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House Republican Caucus meeting over Roeber allegations next month

  

House majority leadership will meet to consider the physical and sexual abuse allegations leveled against Rick Roeber, an incoming state representative, by his children next month. 

“As a party and a caucus we work tirelessly to protect the health and wellbeing of our young people, and we have a zero-tolerance policy for anyone who would endanger or abuse a child,” Speaker Rob Vescovo, Speaker Pro Tem John Wiemann, and Rep. Dean Plocher, next year’s majority floor leader, said. “We take these accusations very seriously and strongly believe they must be thoroughly investigated to ensure justice is served for both the alleged victims and the accused. Rep. Roeber is currently not part of the House Republican Caucus. We will meet with our caucus on Dec. 14 to discuss this issue and the options we have as a legislative body to address it.”

Rick Roeber (PROVIDED)

Minority Floor Leader Rep. Crystal Quade said House Democrats were glad the incoming majority leadership was taking the allegations seriously but criticized the lack of attention to the issue before the election.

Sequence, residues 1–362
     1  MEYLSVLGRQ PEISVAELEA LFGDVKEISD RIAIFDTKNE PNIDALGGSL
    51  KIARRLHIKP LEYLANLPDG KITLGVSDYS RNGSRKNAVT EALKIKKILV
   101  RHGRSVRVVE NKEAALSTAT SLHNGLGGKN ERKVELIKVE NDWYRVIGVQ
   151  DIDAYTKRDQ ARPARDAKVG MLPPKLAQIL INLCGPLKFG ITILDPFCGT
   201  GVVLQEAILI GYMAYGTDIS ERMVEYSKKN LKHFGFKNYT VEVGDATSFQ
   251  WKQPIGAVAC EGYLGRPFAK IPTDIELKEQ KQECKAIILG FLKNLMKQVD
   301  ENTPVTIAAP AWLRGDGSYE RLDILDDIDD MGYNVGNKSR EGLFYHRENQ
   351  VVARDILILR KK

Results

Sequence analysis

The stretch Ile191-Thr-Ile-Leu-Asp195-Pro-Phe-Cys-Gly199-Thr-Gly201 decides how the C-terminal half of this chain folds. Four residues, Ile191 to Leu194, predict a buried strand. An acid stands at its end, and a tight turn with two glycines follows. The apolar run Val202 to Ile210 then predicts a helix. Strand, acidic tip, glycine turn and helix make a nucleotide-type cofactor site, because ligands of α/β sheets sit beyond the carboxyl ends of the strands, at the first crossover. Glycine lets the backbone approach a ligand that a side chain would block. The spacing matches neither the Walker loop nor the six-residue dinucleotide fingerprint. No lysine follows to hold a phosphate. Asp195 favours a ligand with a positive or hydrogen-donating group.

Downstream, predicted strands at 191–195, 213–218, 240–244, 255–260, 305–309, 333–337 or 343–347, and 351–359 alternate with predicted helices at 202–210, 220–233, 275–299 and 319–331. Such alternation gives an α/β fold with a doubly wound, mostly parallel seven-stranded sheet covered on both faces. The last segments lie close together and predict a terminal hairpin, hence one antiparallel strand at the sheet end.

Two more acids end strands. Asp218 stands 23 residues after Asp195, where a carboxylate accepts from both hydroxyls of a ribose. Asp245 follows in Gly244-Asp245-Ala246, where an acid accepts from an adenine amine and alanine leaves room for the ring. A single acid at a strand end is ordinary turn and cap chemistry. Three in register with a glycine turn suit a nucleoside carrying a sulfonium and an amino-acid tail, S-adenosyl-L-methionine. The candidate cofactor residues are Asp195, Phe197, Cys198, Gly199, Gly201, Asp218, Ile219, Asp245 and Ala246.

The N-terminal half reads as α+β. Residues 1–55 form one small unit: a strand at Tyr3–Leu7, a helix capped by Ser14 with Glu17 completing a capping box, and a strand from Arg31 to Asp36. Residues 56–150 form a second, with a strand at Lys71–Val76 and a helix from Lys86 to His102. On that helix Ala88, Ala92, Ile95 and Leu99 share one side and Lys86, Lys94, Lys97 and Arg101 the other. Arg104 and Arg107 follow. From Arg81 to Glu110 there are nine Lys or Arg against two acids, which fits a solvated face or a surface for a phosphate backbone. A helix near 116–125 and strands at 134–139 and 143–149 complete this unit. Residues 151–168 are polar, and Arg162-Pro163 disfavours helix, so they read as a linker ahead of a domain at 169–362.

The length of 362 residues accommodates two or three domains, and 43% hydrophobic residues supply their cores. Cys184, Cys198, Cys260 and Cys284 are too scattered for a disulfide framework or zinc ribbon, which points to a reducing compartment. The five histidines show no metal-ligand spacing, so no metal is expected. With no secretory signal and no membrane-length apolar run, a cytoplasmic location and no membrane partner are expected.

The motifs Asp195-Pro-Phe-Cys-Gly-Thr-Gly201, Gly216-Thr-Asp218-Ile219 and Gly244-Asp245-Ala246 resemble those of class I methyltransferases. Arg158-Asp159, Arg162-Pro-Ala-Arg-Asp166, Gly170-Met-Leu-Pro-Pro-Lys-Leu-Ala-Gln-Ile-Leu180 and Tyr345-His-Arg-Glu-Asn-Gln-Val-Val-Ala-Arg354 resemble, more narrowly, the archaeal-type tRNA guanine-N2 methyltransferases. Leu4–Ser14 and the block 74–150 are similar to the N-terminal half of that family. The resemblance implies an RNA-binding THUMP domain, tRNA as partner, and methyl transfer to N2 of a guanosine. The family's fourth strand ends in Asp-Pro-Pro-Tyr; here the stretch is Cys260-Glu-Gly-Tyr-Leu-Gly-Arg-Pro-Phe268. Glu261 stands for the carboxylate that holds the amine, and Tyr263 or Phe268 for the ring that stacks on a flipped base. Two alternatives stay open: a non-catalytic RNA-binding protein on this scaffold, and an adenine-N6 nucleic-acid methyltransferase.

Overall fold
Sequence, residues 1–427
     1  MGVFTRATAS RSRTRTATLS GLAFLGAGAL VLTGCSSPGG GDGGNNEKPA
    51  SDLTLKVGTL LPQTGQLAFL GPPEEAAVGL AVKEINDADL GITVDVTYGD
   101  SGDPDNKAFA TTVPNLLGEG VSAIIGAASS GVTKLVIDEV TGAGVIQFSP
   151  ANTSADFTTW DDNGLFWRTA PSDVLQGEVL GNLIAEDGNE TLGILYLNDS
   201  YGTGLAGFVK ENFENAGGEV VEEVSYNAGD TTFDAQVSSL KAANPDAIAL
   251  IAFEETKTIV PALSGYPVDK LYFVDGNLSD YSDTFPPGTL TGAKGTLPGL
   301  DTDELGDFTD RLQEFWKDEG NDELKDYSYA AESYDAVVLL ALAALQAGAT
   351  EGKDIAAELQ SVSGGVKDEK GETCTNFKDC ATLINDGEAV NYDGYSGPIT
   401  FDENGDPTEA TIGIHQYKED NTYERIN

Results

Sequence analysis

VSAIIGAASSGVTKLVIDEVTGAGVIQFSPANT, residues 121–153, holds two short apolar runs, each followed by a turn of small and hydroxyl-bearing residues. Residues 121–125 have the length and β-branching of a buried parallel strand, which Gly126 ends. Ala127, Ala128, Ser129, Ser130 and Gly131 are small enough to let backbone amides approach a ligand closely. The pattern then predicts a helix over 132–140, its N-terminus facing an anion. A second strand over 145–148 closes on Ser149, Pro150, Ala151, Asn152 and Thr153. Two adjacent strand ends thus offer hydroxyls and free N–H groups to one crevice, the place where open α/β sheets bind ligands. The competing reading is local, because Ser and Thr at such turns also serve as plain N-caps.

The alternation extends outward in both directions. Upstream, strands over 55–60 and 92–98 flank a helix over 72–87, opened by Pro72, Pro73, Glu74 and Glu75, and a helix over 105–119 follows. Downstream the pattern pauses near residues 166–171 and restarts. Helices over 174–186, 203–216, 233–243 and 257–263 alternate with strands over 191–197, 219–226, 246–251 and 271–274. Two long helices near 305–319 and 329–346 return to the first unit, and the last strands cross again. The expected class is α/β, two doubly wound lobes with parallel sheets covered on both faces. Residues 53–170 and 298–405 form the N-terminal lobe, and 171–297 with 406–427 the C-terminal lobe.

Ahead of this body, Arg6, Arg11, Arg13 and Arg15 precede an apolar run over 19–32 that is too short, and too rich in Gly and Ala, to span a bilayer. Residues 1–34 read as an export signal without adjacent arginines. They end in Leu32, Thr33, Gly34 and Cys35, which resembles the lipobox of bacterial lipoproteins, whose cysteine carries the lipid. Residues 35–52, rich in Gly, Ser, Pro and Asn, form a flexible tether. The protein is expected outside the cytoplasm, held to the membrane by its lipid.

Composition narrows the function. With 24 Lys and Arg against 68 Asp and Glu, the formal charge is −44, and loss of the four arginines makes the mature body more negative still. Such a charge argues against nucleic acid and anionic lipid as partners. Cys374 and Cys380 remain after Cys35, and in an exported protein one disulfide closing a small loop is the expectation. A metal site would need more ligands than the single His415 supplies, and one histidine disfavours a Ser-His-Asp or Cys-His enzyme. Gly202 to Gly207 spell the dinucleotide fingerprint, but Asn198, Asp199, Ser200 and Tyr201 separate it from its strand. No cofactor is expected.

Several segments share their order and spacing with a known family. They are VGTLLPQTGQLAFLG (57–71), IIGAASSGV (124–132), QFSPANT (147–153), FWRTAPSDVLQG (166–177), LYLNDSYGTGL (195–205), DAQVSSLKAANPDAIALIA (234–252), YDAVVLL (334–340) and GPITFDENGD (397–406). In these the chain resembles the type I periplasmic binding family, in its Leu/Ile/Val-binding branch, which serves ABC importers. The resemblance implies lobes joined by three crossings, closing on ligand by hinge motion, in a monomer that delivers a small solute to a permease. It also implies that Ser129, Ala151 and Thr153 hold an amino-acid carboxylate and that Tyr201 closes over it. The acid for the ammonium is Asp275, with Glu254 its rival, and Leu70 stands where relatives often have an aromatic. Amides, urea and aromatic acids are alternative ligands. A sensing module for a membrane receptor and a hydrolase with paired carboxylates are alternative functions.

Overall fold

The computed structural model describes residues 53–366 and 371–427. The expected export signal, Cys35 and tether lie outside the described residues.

“These allegations are not new, and we regret that his children have had to relive their abuse for the last several months,” Quade said. “This could have been avoided if Republican leadership had strongly denounced Roeber before the election instead of waiting until after.”

Roeber’s children, who are now adults, accused him of both sexual and physical assault in a Kansas City Star editorial in September. They sent a letter to Vescovo this week, asking action be taken to disqualify Roeber from taking the House seat. 

“The next step falls to you. It is our understanding that ultimately the members of the Missouri House of Representatives determine the qualifications of the members. Someone who has done the things our father has done is not worthy of serving in our government,” the letter read. “As the highest officeholder in the Missouri House, we are begging you to not allow this to happen.”

Roeber has denied all allegations, saying he was “completely exonerated” years prior.

“Decades ago, I suffered through a bitter divorce. In 2003, the Missouri Child Abuse and Neglect Review Board (CANRB) concluded that all accusations were without merit and I was completely exonerated,” Roeber previously said in a statement. “Now, these same allegations are being brought up, just one month prior to my election. The desperation of Democrats and the Main Stream Media to discredit my campaign is deplorable and indefensible.” 

Roeber narrowly won the HD 34 seat last week, overtaking Democrat Chris Hager by a mere 1.7 percent of the vote. The seat was left vacant by the passing of his wife, Rep. Rebecca Roeber, last year. 

A bipartisan group of lawmakers, including Senate Minority Floor Leader John Rizzo and GOP Reps. Shamed Dogan and Shelia Solon, head of the Children and Families Committee, called for Roeber to be removed from the ballot last month.